Smart College Emails, Part 1

by Franz Neumann

We’ve seen it again and again: a university would love to send out mobile-friendly emails to prospective and current students, but they’re saddled with a multi-year agreement to a behemoth CRM vendor with out-of-date software. Meanwhile, rival institutions are sending out beautiful email campaigns.

Stop blaming the software. There’s still plenty that can be done to improve e-mail messaging, boost open rates, and engage students.

Know your Audience

The vast majority of your recipients are young students with a smartphone in hand. Take a look at an example of your email communications on a smartphone. What do you see? Chances are, not much.

Keep it simple

Your email probably looks like this:

  1. An “If you have trouble seeing this email in a web browser, click here” message at the top.
  2. An unloaded logo or image.
  3. Maybe the first line or two of your message, at a size only discernable by those who can still read the bottom line of a Snellen eye chart.

You’ve already sent your prospective students beautiful print materials, right? Do they gain anything from having every email from your institution begin with an image—or worse, a blocked graphic? Remove as many images as you can and gain the advantage of a faster-loading, bandwidth-friendly email with more space available for text. (Keep in mind that no one ever clicked a link to fill out a financial aid application because your email had a photograph of a group of students sitting on your campus lawn pretending to discuss cold fusion or Nietzsche.)

TIP: If the forces-that-be have dictated that images in your email are a must, then be sure to deliver crisp images without a lot of bloat. We recommend using images that are 1.5x the display size specified in code, with JPG compression set to 40%. You’ll be surprised how good such highly-compressed images look on a smartphone. Why 1.5x? 1:1 sized images will look blurry, while anything over 1.5x the display size will likely be lost on students who are really only interested in the heart of your email—if they’re interested at all.

Prune those links

Clutter complicates your message. Does your email really need all those links? More links means more opportunities to not follow your key call-to-action link. Instead, design your emails' layout and copy around your main action link (intent to enroll, requesting financial aid, signing up with FAFSA—whatever it is) and make that link the easy choice for hovering thumbs.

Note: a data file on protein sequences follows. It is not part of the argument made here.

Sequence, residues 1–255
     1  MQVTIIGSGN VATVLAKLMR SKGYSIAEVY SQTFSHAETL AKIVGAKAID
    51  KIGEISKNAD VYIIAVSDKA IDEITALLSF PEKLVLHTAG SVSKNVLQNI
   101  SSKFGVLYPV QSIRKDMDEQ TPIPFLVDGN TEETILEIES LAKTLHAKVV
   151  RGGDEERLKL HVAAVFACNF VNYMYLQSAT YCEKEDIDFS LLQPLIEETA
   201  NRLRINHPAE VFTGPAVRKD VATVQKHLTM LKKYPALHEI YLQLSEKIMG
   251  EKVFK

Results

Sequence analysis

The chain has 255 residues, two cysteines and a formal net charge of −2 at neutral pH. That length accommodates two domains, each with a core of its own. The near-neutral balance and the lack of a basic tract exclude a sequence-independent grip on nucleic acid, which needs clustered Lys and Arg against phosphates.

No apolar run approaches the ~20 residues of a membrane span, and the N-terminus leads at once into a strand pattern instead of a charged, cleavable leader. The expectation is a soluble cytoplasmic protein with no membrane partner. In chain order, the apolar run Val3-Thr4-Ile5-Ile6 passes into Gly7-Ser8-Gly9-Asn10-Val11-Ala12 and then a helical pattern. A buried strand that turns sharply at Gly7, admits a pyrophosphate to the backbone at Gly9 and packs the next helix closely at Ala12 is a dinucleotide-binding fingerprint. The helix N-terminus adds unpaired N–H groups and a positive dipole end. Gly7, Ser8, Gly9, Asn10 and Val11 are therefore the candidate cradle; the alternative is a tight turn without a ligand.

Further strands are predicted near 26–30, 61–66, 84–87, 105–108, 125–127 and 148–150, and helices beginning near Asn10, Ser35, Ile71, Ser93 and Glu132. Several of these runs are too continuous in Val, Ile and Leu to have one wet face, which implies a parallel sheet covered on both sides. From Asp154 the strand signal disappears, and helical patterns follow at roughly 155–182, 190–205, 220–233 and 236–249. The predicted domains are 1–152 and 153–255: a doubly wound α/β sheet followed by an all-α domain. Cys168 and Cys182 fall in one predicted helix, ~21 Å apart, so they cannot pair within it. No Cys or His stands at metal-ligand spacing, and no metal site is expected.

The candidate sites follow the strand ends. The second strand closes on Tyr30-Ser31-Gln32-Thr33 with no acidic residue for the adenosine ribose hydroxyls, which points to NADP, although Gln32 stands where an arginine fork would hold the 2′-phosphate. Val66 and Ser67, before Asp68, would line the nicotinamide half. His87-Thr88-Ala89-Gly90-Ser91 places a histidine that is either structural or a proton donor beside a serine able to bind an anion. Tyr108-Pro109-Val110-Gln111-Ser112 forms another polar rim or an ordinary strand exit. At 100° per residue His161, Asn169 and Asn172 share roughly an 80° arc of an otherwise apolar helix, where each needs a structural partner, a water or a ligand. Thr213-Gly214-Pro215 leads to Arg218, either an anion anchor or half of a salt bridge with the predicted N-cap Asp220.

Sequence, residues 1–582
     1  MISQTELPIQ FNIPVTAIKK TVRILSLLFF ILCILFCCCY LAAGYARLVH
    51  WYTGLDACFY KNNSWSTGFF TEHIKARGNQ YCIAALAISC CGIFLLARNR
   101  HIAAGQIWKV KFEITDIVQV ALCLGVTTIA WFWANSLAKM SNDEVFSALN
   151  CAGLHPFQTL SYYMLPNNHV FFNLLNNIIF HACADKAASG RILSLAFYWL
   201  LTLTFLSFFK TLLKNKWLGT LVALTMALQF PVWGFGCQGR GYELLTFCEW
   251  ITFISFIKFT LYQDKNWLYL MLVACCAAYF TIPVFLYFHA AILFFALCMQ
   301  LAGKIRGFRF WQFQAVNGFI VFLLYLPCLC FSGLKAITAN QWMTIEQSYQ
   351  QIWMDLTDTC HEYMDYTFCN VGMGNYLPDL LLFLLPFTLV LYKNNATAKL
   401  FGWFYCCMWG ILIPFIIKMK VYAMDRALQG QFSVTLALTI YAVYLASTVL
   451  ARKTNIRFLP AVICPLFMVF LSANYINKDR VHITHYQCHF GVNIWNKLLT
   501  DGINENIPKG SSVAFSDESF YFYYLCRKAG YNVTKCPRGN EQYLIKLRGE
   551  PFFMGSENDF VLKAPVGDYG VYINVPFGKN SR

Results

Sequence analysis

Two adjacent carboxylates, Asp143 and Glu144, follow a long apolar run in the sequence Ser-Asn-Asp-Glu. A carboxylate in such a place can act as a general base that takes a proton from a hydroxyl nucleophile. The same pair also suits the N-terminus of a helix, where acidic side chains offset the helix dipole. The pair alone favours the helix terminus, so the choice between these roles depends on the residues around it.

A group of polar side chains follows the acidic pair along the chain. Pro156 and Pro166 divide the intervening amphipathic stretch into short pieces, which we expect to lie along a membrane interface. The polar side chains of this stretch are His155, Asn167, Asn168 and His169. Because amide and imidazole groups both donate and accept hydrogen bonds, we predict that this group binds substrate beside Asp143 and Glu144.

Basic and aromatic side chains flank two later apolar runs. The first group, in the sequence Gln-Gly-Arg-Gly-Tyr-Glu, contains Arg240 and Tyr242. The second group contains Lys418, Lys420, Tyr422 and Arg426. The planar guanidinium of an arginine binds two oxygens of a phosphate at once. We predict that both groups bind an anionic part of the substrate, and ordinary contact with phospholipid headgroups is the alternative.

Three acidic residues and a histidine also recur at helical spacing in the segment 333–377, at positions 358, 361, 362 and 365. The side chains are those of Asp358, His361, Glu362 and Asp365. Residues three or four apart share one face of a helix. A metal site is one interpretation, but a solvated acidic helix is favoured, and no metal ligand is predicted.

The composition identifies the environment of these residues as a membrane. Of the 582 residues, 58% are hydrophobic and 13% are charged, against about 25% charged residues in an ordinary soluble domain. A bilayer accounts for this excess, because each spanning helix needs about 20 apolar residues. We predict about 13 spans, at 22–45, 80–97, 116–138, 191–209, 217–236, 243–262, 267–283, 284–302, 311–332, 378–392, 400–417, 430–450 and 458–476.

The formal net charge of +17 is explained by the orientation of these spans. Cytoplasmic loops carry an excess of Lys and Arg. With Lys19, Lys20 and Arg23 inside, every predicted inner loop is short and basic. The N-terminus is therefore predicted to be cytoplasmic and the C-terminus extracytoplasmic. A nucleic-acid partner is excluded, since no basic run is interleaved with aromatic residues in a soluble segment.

Adjust your layout

Make your emails mobile-friendly despite your CRM’s lack of up-to-date features. One strategy: crank up the point size until it’s perfectly legible on a smartphone while walking between classes—in the sun. Also: remove needless borders, backgrounds, and (again) images. Remember: most of your audience is entirely comfortable with the simplicity of text messaging apps. There isn’t an image out there you can show an eighteen-year-old that will improve the appeal of your e-mail. (Unless it’s a GIF from goats yelling like humans, but guerilla marketing is for another post.)

Copy that

You should now have an e-mail template that’s all about the message. Which leads us to an obvious question. How engaging is your message? Can it be said with a stronger voice, in fewer words, without a desire to skim it? If not, pare it down. By keeping it succinct, friendly, and purposeful, your recipients will come to know that an email from your institution is important and worth a few seconds of their busy day. Creating this trust may mean developing a different look & feel for non-essential email communications from your college or university, or perhaps developing a color scheme or other differentiator which lets students know how to react to correspondance from your institution, at a glance.

Powerful marketing and communication isn’t about the capabilities or limitations of software. It’s about the words you use and the responsibility you show to your students and their time. Contact us to see what we can do to improve your student email recruiting and communications, and be sure to view part two, where we tackle some real-world examples.



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